Trouble Shooter, known as Battle Mania in Japan, is a charming Sega Genesis side-scrolling shooter, stitched together from two obvious sources. One is Capcom’s macho arcade fantasy-blaster Forgotten Worlds, and the other is Haruka Takachiho’s Dirty Pair line of novels and anime about bikini-clad interplanetary operatives Kei and Yuri blowing up a good chunk of space-faring civilization. Many people imitated both of these things to drab effect, but Trouble Shooter found its own identity. It’s colorful and competently made even if the gameplay is simple, and its sequel, Battle Mania Daiginjoh, is downright amazing. At the risk of perturbing Capcom diehards and the fansub kingpins of Reagan-era college anime clubs, I like Trouble Shooter more than Forgotten Worlds or any Dirty Pair adventure.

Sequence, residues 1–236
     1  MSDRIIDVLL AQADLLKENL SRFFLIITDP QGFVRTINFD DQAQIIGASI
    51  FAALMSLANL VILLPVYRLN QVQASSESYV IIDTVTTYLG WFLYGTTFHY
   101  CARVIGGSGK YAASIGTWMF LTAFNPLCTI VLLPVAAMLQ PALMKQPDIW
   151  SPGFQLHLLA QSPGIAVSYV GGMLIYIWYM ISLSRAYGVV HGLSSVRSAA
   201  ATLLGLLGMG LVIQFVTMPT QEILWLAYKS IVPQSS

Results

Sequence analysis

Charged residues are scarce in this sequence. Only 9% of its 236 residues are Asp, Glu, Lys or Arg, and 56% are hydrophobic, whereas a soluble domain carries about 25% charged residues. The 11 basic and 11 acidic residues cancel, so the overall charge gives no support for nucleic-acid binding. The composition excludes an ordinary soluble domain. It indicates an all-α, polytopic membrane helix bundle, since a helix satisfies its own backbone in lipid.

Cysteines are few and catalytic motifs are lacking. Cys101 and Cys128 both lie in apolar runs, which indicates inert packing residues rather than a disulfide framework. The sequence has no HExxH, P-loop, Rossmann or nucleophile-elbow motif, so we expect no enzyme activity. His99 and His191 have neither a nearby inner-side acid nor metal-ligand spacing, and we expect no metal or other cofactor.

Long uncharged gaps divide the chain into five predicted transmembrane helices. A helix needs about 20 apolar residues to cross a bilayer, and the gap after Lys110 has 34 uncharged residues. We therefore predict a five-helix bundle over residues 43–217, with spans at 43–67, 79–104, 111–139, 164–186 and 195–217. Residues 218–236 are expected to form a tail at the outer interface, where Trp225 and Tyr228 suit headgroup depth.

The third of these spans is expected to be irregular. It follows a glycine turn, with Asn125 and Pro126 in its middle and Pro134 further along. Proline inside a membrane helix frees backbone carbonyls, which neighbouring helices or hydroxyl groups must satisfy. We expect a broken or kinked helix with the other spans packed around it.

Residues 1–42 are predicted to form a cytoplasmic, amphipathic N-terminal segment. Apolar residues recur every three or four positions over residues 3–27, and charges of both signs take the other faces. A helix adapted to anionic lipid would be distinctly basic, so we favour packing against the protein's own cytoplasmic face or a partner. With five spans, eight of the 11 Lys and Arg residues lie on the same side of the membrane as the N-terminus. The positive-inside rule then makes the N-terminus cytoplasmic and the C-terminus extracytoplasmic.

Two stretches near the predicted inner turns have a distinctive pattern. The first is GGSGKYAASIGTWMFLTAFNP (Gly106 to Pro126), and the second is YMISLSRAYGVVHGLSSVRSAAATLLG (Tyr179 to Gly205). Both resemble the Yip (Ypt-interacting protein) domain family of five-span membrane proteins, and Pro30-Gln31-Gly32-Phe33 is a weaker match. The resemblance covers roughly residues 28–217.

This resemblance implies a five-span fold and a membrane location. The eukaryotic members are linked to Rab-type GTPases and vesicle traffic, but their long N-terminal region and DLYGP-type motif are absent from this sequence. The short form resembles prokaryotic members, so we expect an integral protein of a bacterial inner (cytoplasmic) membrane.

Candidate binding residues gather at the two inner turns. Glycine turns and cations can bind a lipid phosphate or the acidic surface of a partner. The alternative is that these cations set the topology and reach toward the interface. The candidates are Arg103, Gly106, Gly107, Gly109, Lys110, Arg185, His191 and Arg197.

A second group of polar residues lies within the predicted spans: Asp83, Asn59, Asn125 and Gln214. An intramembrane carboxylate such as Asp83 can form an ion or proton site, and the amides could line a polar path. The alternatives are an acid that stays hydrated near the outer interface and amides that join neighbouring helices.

Most importantly, Trouble Shooter and Battle Mania Daiginjoh have genuine affection at their cores. It’s common for fans to declare their favorite games earnest labors of love regardless of how bland they may be, but the Trouble Shooter series truly seems to exist just because some staffers at Vic Tokai and Seibu Lease really, really wanted to make them. Rather than Xerox Kei and Yuri, they established heroine Madison (Mania in Japan) as a cranky, genre-wise mercenary and, in the American version, a slumming debutante with feminist quips. Along with her more placid and fun-loving roommate Crystal (a.k.a. Maria), she rescues a kidnapped prince who says things like “Coolness,” defeats a supervillain who turns into a giant buglike demon, and goes to even stranger places in the sequel.